By M. Owen Lee
Father Owen Lee is across the world identified for his intermission commentaries featured throughout the Saturday afternoon declares from the Metropolitan Opera condominium in long island. A Season of Opera: From Orpheus to Ariadne gathers jointly for the 1st time Father Lee's top broadcast and cassette commentaries, public lectures, and articles on twenty-three works for the musical level. The essays variety from the pioneering Orpheus of Monteverdi to the forward-looking Ariadne of Richard Strauss. integrated are Father Lee's well-known discussions of Mozart's Magic Flute and Beethoven's Fidelio , Verdi's l. a. Traviata and Falstaff , Wagner's Tristan und Isolde , and Poulenc's Dialogues of the Carmelites . The concluding bankruptcy, initially released because the lead article within the Opera Quarterly 's distinctive factor at the finish of the 20 th century, is a thought-provoking forecast of opera's destiny. suggestions for additional examining, CD recordings, and video clips also are incorporated. Opera Canada has applauded Father Lee's 'extraordinary skill to have interaction, problem, and enlighten an unlimited and various audience' and known as his learning-worn-lightly commentaries 'a certain mixture of religious empathy, classical scholarship, and mental insight.' Opera fanatics, or someone drawn to psychology and mythology, humanities and comparative literature, or the artwork of the essay will welcome this publication.
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It is only right that the leading lady in an opera buffa should be the light and lovely Zerlina. A. Hoffmann told one of his spookiest tales about her, and audiences wondered whether Giovanni had had his way with Anna, whether she fought him or yielded to him willingly. Anna made the opera dark and Romantic, and her aria 'Or sai chi 1'onore' showed her the equal of any of the spirits of opera seria past. ' All the same, in our century we have come to think that the most important of the three ladies is Donna Elvira, for she represents in her one person the true ambivalence of the work - the conflicting claims of the comic and the serious.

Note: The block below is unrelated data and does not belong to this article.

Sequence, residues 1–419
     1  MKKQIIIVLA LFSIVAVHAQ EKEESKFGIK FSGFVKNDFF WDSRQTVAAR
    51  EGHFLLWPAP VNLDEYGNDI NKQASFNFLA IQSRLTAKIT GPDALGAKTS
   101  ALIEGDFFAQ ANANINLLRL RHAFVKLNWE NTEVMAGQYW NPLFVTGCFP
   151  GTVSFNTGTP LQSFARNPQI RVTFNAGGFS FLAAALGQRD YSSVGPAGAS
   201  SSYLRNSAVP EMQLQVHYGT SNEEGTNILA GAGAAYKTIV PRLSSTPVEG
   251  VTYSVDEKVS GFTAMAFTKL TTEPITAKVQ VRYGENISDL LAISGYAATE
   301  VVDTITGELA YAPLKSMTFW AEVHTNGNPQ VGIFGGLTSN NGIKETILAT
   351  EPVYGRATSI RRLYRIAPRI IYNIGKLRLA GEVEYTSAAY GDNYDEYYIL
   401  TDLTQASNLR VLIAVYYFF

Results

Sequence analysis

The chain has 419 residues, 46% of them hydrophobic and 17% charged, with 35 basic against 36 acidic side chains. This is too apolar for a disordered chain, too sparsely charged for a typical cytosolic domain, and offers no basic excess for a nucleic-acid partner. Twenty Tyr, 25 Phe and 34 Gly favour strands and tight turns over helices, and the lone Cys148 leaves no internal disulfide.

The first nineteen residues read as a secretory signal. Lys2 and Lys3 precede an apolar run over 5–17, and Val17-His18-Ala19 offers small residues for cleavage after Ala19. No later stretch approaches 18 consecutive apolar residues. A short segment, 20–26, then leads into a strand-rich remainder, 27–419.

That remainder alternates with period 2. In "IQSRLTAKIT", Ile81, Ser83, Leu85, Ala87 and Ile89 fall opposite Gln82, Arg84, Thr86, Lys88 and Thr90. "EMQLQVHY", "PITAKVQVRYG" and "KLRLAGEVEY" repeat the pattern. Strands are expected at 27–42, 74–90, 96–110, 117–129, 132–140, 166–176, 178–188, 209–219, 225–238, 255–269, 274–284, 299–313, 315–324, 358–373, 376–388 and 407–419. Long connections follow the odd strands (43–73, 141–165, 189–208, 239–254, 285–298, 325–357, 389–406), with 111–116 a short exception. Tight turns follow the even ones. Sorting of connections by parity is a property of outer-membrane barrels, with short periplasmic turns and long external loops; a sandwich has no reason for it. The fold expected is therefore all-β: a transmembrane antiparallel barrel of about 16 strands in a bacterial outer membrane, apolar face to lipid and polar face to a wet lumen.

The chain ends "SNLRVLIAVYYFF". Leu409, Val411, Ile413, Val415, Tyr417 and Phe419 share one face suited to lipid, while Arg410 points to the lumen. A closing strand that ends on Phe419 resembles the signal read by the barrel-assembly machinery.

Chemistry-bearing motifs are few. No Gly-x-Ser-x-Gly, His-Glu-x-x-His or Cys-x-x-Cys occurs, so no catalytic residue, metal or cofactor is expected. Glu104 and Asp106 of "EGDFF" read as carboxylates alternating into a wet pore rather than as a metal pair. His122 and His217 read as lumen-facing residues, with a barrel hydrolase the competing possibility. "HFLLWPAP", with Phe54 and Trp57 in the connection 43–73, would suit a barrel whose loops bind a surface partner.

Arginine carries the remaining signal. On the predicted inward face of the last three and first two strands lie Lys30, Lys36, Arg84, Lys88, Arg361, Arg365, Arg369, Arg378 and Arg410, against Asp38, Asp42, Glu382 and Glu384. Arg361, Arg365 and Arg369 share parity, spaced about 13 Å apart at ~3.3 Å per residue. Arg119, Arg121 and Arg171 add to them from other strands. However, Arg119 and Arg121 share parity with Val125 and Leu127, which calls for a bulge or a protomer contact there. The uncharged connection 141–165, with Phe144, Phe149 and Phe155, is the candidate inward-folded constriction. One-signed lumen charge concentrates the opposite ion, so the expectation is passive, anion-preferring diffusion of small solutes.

He entertained for a chilling moment the idea of his own death. But that is, again, a serious nineteenth-century view of Don Giovanni. The eighteenth century did not end the opera there. It wanted the vaudeville Mozart appended to that death scene - the charming ending wherein life returns to normal for the other characters, who advance in turn to the footlights and speak to the audience directly. And we today want it too, for we have come to see this mercurial drama, with its vivid yet elusive characters, as something more than the story of Don Giovanni alone, and perhaps as something more than its creators, its performers, its past admirers, and its few present detractors have been able singly to say.
It is to make a mere allegory, only partly true, out of what is, in the end, a universal and profoundly true mythic statement. The Magic Flute is more than the struggle between CounterReformation and Enlightenment. It has much more to do with the universals of myth than with the particulars of history. Its meanings, like its music, are prismatic. And if Ingmar Bergman and many others are right, The Magic Flute is about more than any one of us. It is about the whole history of civilization. George Bernard Shaw once said that Sarastro's was the only music that would not sound blasphemous coming from the mouth of God.